"The Fenstaanton Witch" is a short ghost story by the British author M.R. James. Although James completed the story, he chose not to have it published during his lifetime. It first appeared in print in 1990 in the twelfth issue of the newsletter Ghosts & Scholars. Since then, it has also been published as part of the M.R. James anthologies The Fenstanton Witch and Others (1999, ISBN 090615331X), A Pleasing Terror: The Complete Supernatural Writings of M.R. James (2001, ISBN 1553100247), The Haunted Doll's House and Other Ghost Stories (2006, ISBN 014303992X) and Curious Warnings: The Great Ghost Stories of M.R. James (2012, ISBN 0857388045). The manuscript of "The Fenstanton Witch" is undated and it is not known when the story was written. Similarities to "There Was A Man Dwelt by a Churchyard" suggest that it was written around the year 1924. "The Fenstanton Witch' is clearly referred to, somewhat inaccurately, in M.R. James' 1929 essay "Stories I Have Tried to Write". The mistakes which James makes in his description of the story suggest that he had written it a few years earlier and had half forgotten it.
The story takes place in the early 18th century. The two main characters are faculty members at King's College, Cambridge who dabble in the occult and believe themselves to be magicians. One night, they go to the grave of a recently deceased woman who was reputed to be a witch in order to obtain materials to use in their spells. They take precautions to protect themselves against any demons that might be in the locality. They find, however, that those precautions are ineffective.
Nicholas Hardman and Stephen Ashe have been friends since they were both six years old. They studied together at Eton and then at King's College, Cambridge. They are now both members of the teaching staff at that college and share a room there. Nobody else at the university knows them very well and they have a reputation for being quiet and dull. Secretly, they have a strong interest in the occult and wish to become powerful magicians.
After dinner one October evening, the other faculty members at King's College discuss recent events in the nearby village of Fenstanton. An ugly red-eyed woman in the village known as Mother Gibson had long been suspected of being a witch. To determine whether she was a witch or not, other villagers placed her in a ducking stool and she died as a result. A freshly dug grave in Fenstanton churchyard is believed to be hers. Harman and Ashe say nothing during the conversation about the Fenstanton witch but they listen intently.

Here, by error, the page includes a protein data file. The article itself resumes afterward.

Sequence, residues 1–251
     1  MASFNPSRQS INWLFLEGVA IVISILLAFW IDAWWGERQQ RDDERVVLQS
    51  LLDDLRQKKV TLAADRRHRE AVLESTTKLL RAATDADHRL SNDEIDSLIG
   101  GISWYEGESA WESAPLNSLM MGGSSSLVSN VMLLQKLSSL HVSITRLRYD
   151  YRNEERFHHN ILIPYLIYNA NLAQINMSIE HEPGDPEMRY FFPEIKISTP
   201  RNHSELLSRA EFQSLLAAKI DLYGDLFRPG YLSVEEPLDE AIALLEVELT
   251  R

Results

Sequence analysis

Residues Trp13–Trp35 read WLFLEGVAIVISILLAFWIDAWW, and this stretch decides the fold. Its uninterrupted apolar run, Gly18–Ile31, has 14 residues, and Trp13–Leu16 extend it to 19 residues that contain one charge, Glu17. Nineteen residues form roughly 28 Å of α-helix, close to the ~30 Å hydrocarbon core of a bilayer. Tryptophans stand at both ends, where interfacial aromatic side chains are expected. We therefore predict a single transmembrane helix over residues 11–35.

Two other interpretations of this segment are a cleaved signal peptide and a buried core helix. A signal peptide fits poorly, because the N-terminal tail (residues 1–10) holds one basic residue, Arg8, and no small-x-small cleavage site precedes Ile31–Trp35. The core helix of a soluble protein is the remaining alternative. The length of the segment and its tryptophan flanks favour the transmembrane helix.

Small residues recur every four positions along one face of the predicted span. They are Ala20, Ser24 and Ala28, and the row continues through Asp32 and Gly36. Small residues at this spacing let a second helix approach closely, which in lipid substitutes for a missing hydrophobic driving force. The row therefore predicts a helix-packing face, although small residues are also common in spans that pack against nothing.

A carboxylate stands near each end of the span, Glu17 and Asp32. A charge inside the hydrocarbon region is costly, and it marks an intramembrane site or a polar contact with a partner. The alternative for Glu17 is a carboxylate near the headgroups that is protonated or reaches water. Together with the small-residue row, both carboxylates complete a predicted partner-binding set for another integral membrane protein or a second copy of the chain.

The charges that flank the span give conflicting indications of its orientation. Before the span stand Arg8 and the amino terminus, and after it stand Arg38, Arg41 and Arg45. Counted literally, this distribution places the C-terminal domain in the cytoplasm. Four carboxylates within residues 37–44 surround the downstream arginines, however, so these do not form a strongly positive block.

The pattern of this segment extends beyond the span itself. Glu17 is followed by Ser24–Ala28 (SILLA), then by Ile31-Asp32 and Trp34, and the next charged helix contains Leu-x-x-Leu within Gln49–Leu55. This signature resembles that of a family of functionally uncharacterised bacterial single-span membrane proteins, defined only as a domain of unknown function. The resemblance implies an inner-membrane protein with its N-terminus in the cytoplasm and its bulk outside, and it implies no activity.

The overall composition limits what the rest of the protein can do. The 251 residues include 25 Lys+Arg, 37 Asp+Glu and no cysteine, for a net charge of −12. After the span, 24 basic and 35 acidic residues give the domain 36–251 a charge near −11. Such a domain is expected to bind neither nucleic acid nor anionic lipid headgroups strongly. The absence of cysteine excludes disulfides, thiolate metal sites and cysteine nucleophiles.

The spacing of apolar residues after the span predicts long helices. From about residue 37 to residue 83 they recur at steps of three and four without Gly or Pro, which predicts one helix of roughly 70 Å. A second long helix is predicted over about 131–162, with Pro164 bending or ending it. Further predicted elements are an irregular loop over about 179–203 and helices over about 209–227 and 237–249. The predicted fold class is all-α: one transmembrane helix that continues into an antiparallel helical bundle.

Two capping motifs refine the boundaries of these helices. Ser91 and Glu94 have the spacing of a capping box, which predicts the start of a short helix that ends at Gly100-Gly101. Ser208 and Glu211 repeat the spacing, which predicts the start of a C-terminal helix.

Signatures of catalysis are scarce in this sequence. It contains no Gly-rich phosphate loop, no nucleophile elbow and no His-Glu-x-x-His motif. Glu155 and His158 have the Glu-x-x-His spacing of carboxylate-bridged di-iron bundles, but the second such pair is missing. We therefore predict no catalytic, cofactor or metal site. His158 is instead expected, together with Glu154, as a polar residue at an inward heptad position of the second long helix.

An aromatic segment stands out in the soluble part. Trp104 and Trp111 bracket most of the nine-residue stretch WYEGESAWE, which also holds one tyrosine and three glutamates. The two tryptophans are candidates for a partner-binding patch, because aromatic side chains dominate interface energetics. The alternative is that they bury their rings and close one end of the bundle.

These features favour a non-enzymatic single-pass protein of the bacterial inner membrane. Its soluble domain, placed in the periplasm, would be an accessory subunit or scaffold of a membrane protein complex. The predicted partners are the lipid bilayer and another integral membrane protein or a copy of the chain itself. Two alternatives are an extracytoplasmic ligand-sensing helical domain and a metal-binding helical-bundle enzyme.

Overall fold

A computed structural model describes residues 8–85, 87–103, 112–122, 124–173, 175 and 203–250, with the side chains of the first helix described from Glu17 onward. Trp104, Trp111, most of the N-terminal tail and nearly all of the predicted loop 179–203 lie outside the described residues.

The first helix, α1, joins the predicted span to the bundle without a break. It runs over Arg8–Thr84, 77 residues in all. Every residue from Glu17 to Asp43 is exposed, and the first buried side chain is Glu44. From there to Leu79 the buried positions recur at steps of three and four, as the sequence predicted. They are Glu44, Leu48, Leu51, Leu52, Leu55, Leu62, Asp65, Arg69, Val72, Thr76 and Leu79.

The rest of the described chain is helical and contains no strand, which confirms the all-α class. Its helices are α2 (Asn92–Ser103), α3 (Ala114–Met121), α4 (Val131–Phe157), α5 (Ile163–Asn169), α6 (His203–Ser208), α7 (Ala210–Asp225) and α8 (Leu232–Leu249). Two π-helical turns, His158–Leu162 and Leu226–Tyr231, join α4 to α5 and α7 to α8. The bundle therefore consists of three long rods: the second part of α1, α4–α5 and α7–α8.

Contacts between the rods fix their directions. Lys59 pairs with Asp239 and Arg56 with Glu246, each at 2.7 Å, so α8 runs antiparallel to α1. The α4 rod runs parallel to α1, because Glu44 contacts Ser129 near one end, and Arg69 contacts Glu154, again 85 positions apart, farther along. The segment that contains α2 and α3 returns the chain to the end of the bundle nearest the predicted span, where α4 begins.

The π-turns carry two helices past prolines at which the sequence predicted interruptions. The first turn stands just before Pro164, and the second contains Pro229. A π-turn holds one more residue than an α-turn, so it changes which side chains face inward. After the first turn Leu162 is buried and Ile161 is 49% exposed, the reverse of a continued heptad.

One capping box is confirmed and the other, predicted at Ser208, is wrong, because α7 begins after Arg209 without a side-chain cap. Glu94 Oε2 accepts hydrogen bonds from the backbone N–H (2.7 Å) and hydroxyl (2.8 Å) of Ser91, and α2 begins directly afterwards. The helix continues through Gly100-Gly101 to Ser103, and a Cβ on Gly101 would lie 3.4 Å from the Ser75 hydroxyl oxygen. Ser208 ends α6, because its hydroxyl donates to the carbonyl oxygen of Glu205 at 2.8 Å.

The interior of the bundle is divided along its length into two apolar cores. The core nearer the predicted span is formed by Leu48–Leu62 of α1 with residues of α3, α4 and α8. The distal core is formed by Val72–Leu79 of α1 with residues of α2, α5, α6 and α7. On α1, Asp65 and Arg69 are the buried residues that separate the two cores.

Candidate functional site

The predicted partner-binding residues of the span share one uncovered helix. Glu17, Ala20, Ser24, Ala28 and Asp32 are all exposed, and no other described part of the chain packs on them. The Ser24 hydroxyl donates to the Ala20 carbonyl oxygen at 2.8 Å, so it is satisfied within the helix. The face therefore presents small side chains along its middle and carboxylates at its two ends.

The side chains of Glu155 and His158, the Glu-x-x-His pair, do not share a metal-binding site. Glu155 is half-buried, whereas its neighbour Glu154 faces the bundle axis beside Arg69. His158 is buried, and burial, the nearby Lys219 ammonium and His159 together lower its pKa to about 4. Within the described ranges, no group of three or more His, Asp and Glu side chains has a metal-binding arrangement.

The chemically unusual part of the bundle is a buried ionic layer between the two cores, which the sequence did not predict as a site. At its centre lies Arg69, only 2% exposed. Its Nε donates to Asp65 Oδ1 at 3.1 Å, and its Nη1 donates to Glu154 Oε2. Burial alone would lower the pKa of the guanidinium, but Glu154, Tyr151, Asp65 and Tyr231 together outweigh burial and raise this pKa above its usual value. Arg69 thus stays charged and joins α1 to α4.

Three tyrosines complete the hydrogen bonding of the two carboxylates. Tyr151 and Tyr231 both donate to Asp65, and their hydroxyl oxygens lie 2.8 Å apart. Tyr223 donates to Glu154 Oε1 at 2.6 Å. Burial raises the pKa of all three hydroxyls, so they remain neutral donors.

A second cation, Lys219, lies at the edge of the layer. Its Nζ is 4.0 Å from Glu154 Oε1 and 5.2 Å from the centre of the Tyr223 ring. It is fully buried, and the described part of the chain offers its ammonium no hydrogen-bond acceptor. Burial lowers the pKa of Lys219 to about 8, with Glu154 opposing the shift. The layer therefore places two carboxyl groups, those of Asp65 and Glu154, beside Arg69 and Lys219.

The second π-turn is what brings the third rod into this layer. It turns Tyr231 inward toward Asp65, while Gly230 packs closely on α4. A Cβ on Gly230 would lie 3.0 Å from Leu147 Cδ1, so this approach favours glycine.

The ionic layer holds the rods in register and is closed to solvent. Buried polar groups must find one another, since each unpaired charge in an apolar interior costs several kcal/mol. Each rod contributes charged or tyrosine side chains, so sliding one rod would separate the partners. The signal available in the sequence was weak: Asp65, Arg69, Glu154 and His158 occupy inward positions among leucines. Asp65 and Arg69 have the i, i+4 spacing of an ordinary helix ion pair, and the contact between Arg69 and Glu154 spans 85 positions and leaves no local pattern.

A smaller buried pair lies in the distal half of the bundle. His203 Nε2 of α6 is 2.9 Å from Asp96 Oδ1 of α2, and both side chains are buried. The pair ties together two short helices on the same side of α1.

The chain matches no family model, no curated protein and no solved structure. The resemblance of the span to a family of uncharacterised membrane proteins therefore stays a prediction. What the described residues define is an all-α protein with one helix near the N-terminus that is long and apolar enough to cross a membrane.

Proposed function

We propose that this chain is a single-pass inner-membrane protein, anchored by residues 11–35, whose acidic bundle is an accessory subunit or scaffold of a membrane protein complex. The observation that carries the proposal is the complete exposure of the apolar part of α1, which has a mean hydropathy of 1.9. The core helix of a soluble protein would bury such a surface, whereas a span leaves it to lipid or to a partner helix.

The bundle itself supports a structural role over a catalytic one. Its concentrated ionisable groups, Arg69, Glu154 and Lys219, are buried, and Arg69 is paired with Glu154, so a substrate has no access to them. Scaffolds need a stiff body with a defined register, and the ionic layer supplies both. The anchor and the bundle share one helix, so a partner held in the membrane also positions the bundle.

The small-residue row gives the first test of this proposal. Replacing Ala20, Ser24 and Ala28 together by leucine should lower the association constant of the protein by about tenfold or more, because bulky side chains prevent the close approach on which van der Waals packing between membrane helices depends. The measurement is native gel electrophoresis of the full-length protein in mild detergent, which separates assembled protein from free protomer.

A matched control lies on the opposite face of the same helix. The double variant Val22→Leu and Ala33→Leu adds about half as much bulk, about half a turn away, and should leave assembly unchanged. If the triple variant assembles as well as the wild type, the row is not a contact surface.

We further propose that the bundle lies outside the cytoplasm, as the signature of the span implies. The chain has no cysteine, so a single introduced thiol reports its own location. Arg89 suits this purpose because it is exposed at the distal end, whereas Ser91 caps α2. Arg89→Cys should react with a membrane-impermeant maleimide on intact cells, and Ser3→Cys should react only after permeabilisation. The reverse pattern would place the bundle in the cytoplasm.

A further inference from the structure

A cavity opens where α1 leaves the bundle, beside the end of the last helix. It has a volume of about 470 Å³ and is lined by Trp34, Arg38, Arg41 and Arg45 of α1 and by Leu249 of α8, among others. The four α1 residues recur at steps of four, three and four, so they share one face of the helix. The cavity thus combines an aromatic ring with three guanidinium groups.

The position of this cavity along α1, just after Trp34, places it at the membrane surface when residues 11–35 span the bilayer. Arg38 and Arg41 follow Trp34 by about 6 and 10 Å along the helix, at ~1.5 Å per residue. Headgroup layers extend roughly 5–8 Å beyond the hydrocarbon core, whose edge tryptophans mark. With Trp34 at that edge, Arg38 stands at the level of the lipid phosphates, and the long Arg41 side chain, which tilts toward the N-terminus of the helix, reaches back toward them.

Later that evening, Hardman and Ashe head off to Fenstatnton. They plan to use magic to make Mother Gibson rise from the grave and give them part of her shroud and some hairs from her head. The two men plan to use those objects as part of spells to make them rich and powerful. On the way to Fenstanton, they pass a torchlit funeral procession. Coming from the other direction to the funeral procession, they see seven people clustered around another person who is being taken prisoner. Hardman and Ashe cannot help staring at the face of the prisoner. It is the face of a terrified person who has lost all hope. They do not notice the faces of the prisoner's seven captors. After the prisoner has been taken away, Hardman and Ashe realize that none of the mourners at the funeral appeared to see the prisoner or the seven other people.
Hardman and Ashe climb over the wall of Fenstanton churchyard. They approach the grave of Mother Gibson, the only one in the unconsecrated ground to the north of the church. On the ground, they draw a magic circle, marked with symbols, the names of angels and names of God, which is intended to protect them from demons. At midnight, Hardman reads a spell in Latin from a book which was printed about a hundred years earlier. Ashe gives appropriate responses. The spell is intended to provide further protection from demons. While saying the spell, both men look at the grave of Mother Gibson. Sitting on the grave, Hardman sees what at first looks like an enormous bat with folded wings. He notices that the creature has an almost human-like face and eyes like fire. The creature rises up to its full height and looks around for a "victim whom it knew to be near." Hardman is very frightened but believes that he will be protected by the circle in which he is standing. He is wrong. The symbols and sacred names do not prevent the creature from going straight towards Hardman. As the creature raises its claws to his face, Hardman loses consciousness.
Both Hardman and Ashe survive their experience but they are never the same again. They leave the university after having renounced black magic in front of its authorities. In order to prevent a scandal, the reasons for their departure are kept secret. Ashe spends the rest of his life caring for the invalided Hardman.
- ↑ In "Stories I Have Tried to Write", M.R. James says that he attempted to write a story about, "two students at King's College in the sixteenth century ... and their nocturnal expedition to a witch at Fenstanton ... And of how arriving at Fenstanton they learned of the witch's death." In "The Fenstanton Witch', the two main characters are no longer students, the story takes place in the 18th century and the two main characters already know that the witch is dead before they leave for Fenstanton.
- Text of M.R. James' "The Fenstanton Witch" from Ghosts & Scholars. The story appears courtesy of its copyright holder.